This is html. Should you care?
It’s the special language that tells your computer how to organize a web page. Not how it should look, exactly — that’s mostly up to CSS these days — but which parts are lists and which parts are extra important, which parts should show up on the screen and which should not, where to look for images and how to decide which style to serve up on the screen.
There are those who believe that all schoolchildren ought to learn html, and those who feel that this mysterious stuff with the pointy brackets is just punctuation on steroids and should be left to the specialists.
I’m going down this afternoon to speak to Joe McCoy’s students about online copywriting, so I was checking out their textbook, and I was interested to see that it contains a brief section on html.
The textbook gave instructions for making italics and bold letters, links, and lists. These are generally considered the absolute basics, the equivalent of greetings and counting in human languages. I show some of these things to my writing students, since we sometimes write online and I don’t want them to be entirely at the mercy of their visual editors. You may feel this way about your website — why shouldn’t you be able to go in and fix things up a little yourself?
However, there are some problems with this.
The first and most important issue is that your designer uses CSS, or cascading style sheets, to add style to your website. This means that typing in the special html code for bold letters may not really give you bold letters on your website — it depends what your designer told the computer to do when it sees that code. If you plan to use html, you’ll need to work with your designer to make sure it does what you expect it to do.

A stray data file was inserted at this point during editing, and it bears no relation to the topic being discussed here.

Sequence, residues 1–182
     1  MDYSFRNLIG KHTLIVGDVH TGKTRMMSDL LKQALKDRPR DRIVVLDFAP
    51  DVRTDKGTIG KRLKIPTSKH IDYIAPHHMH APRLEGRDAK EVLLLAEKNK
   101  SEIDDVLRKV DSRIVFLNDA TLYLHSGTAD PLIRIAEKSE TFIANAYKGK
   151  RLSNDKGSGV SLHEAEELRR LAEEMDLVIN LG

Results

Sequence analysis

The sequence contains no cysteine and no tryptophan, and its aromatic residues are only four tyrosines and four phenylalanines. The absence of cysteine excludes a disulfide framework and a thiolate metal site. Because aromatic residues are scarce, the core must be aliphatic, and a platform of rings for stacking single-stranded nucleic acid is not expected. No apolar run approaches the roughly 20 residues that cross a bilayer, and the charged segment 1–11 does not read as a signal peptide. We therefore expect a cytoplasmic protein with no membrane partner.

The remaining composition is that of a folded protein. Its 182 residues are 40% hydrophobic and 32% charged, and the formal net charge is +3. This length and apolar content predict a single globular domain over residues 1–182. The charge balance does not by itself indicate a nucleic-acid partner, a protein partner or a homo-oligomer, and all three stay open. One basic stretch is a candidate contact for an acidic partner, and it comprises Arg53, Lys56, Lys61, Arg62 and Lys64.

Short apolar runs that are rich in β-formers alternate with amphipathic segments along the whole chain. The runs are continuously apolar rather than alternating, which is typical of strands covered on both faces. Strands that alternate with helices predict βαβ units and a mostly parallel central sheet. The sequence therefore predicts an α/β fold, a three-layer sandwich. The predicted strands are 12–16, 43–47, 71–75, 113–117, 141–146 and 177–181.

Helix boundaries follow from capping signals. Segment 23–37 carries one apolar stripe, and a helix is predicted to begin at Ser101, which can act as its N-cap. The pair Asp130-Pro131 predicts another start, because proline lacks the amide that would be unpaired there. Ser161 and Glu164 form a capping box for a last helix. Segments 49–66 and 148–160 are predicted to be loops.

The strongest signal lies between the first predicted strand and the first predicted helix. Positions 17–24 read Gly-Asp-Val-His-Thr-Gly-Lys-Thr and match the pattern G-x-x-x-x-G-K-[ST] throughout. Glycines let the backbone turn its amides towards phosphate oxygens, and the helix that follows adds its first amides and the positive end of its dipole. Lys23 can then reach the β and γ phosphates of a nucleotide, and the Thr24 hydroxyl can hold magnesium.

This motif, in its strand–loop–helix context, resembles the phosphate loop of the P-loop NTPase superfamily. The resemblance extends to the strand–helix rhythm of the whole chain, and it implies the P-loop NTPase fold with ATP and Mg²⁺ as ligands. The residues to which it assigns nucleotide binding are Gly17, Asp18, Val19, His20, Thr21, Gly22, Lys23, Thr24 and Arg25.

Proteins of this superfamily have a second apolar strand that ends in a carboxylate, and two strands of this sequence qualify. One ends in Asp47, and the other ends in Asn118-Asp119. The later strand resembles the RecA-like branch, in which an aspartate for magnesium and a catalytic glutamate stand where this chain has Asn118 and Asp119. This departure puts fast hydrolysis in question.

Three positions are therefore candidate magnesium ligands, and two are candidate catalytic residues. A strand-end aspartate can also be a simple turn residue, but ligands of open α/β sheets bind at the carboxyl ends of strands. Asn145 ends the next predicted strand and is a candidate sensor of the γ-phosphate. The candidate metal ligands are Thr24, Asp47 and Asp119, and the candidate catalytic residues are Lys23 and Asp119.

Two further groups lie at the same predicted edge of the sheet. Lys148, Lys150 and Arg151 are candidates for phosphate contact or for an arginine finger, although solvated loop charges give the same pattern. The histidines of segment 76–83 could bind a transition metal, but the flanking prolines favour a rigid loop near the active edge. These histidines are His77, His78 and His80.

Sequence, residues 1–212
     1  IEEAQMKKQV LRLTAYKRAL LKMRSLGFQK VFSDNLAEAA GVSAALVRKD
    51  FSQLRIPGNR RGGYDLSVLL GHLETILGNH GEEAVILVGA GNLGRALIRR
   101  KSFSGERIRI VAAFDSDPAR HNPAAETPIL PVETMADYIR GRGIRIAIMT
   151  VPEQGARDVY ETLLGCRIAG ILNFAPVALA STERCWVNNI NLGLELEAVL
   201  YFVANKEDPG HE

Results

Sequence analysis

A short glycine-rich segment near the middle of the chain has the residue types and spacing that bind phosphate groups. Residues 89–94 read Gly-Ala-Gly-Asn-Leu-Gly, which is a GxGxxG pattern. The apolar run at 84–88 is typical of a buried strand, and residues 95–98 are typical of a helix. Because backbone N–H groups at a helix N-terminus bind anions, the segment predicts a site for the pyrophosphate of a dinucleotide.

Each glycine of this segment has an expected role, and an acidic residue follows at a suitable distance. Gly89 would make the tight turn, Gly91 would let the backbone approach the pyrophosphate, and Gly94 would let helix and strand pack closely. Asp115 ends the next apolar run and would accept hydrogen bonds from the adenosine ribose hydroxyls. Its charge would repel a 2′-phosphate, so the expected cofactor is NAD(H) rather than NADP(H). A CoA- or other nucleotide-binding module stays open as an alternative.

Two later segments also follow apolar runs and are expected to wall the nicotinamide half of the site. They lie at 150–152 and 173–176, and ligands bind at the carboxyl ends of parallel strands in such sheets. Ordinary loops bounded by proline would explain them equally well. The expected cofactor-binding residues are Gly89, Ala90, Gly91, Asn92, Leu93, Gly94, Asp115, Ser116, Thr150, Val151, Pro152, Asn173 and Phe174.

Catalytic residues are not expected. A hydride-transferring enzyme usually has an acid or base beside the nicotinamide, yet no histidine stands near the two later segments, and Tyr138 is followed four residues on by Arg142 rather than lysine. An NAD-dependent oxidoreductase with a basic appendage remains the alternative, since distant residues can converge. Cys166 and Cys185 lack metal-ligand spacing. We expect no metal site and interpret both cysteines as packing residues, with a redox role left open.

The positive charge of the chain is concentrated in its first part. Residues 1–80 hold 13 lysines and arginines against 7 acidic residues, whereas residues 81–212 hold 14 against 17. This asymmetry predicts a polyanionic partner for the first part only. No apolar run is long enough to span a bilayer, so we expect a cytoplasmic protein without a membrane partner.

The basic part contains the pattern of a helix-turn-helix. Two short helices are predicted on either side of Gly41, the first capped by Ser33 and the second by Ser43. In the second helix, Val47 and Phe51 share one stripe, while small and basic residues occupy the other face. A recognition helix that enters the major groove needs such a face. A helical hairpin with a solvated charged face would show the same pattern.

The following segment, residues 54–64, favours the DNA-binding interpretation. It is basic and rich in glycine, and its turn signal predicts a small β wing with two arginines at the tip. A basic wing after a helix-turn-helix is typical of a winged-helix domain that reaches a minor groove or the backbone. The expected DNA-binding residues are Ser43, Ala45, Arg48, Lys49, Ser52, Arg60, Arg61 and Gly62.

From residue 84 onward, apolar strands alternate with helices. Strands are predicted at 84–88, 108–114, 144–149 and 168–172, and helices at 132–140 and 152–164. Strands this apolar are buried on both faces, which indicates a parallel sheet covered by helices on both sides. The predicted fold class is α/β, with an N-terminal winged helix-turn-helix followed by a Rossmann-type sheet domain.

Second, your html may not look the same on all browsers as it does on yours. That is, when you look at something with Internet Explorer, you may see something different from what people who use Safari or Firefox see. This means that you have to remember to check on all the browsers you’re supporting (all the things your visitors use) to make sure you’re giving everyone a good experience.
Finally, it’s easy to make mistakes with html when you only know a little bit. If you forget to close a bracket or fail to leave a space where you should, you can break your website. You’ll then have to hire someone to find your error and fix it for you. Not only do you need to be highly accurate, but you also have to keep up with changes. Using out of date html is very bad for your website.
That doesn’t mean that you shouldn’t learn html. If you plan to do your own blogging and SEO, you pretty much have to learn at least basic html. In that case, plan to spend some time studying. Here are places where you can learn:
My advice: don’t learn just enough html to be dangerous; do be bold and learn enough to have control over your web pages.